Last Wednesday, an eight-story building collapsed in the outskirts of Dhaka, the capital of Bangladesh. The Rana Plaza complex mostly housed factories that made clothes for American and European companies.
As of Friday, the death toll has reached 307, but it is expected to rise considerably. About 3,000 people are believed to have been in the building when it collapsed shortly after the day’s work began.
Didn’t anyone notice a problem? Actually, yes.
Supervisors Ignored Cracks In The Walls
From The Guardian:
Dilara Begum, a garment worker who survived the accident, said workers had been ordered to leave after a crack appeared in the wall of the building on Tuesday but on Wednesday morning supervisors had told them to return to work, saying the building had been inspected and declared safe.
“We didn’t want to go in but the supervisors threatened to dock pay if we didn’t return to work,” she told the Guardian.
Mohammad Asaduzzaman, in charge of the area’s police station, said factory owners appeared to have ignored a warning not to allow their workers into the building after a crack was detected in the block on Tuesday.
Workers at a bank based in the same block were more fortunate: the management sent its staff home on Tuesday, when they examined those cracks and feared the worst.
The garment industry in Bangladesh is booming, but there have been plenty of other “accidents.” Five months ago a fire broke out in at Tazreen Fashions, a garment factory near Dhaka, killing 112 workers, who were unable to exit the building because the doors were locked. That fire brought pledges from government officials and many global companies to tighten safety standards.
It hasn’t happened yet.
Do You Own Clothes Made In Dhaka?
Chances are that you do, but you may not know it. Bangladesh is the second largest exporter of ready-to-wear clothes in the world, trailing only China, and clothes make up 80% of their exports. The industry has grown rapidly in the past decade; as wages have risen in China, many global clothing companies have turned to Bangladesh, which has the lowest labor costs in the world. The minimum wage for garment workers is set at roughly $37 a month.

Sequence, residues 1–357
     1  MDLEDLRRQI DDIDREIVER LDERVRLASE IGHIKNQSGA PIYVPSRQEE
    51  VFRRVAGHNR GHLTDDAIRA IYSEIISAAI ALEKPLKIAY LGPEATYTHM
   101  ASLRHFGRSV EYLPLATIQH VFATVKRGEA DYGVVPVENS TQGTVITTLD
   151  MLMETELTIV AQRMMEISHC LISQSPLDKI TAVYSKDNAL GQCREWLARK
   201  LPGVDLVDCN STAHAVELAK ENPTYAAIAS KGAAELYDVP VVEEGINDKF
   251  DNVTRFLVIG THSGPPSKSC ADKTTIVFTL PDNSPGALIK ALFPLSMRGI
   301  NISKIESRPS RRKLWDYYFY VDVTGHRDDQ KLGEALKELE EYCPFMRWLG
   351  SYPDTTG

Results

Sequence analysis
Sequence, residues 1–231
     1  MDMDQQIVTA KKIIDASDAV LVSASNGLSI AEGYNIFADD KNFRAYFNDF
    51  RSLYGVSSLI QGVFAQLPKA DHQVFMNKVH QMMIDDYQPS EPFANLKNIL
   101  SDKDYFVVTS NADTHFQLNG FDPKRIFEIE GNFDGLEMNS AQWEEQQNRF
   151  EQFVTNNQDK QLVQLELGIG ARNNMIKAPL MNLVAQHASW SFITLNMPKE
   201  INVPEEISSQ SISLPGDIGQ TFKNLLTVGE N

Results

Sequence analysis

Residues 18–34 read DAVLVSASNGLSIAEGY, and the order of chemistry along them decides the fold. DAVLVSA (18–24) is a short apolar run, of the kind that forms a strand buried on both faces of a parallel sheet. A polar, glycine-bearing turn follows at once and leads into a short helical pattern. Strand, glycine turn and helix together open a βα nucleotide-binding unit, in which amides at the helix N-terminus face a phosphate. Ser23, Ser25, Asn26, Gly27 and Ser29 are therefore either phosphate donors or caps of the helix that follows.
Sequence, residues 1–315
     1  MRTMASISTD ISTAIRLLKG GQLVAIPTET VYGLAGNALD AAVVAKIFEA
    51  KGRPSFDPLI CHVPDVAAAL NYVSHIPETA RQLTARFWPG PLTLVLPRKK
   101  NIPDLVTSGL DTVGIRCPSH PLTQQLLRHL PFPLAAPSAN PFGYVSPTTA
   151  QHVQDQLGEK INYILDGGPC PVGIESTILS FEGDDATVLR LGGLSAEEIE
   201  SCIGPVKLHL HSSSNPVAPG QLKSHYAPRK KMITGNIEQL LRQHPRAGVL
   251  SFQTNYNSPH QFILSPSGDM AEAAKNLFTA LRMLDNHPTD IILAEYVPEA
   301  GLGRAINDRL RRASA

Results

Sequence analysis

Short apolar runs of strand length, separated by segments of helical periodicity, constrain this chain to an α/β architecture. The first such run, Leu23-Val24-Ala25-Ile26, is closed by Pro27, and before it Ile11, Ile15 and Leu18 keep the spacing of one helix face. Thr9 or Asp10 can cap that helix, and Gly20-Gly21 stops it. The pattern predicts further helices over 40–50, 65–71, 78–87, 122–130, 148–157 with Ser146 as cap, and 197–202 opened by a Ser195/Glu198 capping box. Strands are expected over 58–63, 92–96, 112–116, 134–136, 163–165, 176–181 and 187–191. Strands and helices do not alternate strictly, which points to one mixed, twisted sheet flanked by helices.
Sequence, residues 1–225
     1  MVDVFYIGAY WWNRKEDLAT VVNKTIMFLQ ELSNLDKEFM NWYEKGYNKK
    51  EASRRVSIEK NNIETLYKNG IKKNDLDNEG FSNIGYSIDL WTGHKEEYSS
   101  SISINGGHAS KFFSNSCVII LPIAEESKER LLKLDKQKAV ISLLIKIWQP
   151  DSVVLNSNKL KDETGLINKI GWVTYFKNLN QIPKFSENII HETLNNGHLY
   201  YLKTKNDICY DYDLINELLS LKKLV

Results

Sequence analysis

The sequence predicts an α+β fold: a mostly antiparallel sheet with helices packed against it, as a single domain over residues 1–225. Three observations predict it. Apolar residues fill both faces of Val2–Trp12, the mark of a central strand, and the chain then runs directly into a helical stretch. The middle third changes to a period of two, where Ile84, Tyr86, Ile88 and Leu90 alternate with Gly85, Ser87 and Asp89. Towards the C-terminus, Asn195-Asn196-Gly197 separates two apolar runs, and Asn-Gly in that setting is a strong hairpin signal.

The New York Times reports:
Such low labor costs have attracted not just Walmart but almost every major global clothing company, including Sears, Gap, Tommy Hilfiger and many others. Bangladesh now has more than 5,000 garment factories, employing more than 3.2 million workers, many of them women, and advocates credit the industry for lifting people out of poverty, even with such low wages.
Labor activists combed the wreckage on Wednesday afternoon and discovered labels and production records suggesting that the factories were producing garments for major European and American brands. Labels were discovered for the Spanish brand Mango, and for the low-cost British chain Primark.
Activists said the factories also had produced clothing for Walmart, the Dutch retailer C & A, Benetton and Cato Fashions, according to customs records, factory Web sites and documents discovered in the collapsed building.
So yes, you may well be wearing garments produced in Bangladesh.
Consumers have become more savvy about asking where our food and other products come from. We know about the USDA Organic Certified Foods label, the Fair Trade Certified label, as well as the Forest Stewardship Council Certified stamp of approval. In general, we can pay a bit more and feel assured that health, animal welfare and labor standards have been met.
But how much do we know about where our clothes come from, and how the supply chain works? Do we need a Fair Trade system for clothes? Or are we so desperate for a bargain that we choose to not speculate on the origin of our $10 dollar t-shirt?
The Guardian puts it well:
The Rana Plaza collapse is all the more distressing because it seems to have been avoidable. Consumers can’t prevent such tragedies. Governments and NGOs must apply pressure, both to the retailers responsible for the people who make their clothes, and to those in charge of regulating them. But until we can be more confident that workers’ lives are not being endangered, we must start to be more curious about where our clothes come from. Some of us are wearing clothes sewn by those killed this week in Dhaka.
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Photo Credit: Guardian online video